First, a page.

According to a 2012 American Psychological Association report, girls growing up in underserved populations face increased risk of mental illness, depression, anxiety, and poor self-esteem – all of which can have a deleterious impact on girls’ success in the classroom, workforce, and relationships. The MENA-USA Empowering Resilient Girls Exchange (MERGE) inspires participants to learn about their own mental health and develop emotional resilience skills – and, in turn, share this knowledge with their communities through a public-facing website.
MERGE is a series of eight-week open enrollment virtual exchanges for 15-19 year old girls in the United States and the Middle East/North Africa. Participants explore, learn, and share practical approaches to building mental resilience within themselves and their communities. Participants are introduced to each other and their small group facilitator through a variety of cultural exchange activities. The next five weeks are devoted to introducing a range of stress-relief and coping techniques, which the participants experiment with individually and in small groups. Specific techniques include journaling, exercise, meditation, positive thoughts and affirmations, and nutrition. Participants will learn about the science behind each strategy and why building these skills in themselves and their communities is beneficial. During the exchange’s final two weeks, participants will work in five-person teams, with the guidance of their facilitator, to showcase their newfound knowledge by creating an entry for the program’s culminating mental resilience strategies website.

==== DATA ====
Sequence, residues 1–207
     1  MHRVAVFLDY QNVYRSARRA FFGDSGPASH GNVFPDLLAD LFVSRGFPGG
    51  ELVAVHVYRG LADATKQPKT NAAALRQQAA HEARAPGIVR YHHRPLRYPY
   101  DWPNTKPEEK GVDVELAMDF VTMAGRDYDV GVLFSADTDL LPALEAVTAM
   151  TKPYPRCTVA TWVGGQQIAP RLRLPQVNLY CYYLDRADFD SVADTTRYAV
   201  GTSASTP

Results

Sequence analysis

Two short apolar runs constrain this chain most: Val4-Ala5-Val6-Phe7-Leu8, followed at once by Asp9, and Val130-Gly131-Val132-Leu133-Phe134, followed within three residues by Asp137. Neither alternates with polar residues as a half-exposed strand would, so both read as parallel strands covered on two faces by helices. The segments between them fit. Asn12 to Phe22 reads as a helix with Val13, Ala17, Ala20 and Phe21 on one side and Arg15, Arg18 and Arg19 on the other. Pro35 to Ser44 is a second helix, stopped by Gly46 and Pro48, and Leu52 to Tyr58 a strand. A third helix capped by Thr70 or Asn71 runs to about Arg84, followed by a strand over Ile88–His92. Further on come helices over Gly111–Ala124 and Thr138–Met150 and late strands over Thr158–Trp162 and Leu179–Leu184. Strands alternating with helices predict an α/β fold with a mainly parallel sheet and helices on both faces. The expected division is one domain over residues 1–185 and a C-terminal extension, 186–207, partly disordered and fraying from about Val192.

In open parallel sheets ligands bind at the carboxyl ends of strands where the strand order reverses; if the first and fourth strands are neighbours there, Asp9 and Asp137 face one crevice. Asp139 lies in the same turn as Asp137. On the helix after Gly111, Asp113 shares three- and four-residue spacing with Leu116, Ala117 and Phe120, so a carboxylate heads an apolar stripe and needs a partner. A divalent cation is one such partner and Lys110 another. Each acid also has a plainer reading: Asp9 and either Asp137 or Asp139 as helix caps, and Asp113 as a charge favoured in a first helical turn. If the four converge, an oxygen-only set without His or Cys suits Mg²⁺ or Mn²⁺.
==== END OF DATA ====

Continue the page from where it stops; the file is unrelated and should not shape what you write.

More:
In two program iterations during the 2021-2022 academic year, MERGE will meaningfully engage 400 girls and young women, with 200 from the United States, and 200 from Jordan, Morocco, and the Palestinian Territories. An additional 20 university-age facilitators will represent all participating countries and regions. Working with the Council for International Visitors to Iowa Cities, Global Ties Akron, the San Diego Diplomacy Council, the World Affairs Council of Dallas/Fort Worth, and the World Affairs Council of New Hampshire, we expect at least 60% of U.S. participants will come from underserved populations and those attending (or eligible to attend) Title I schools, with a mix of urban and rural communities. In Jordan, Reclaim Childhood will recruit participants from low-income Jordanian communities, as well as refugee populations. TIBU Maroc will recruit from its sports empowerment programs across Morocco.
The MENA-USA Empowering Resilient Girls Exchange (MERGE), implemented by Global Ties U.S., is supported by the Stevens Initiative, which is sponsored by the U.S. Department of State with funding provided by the U.S. Government and administered by the Aspen Institute. The Stevens Initiative is also supported by the Bezos Family Foundation and the governments of Morocco and the United Arab Emirates.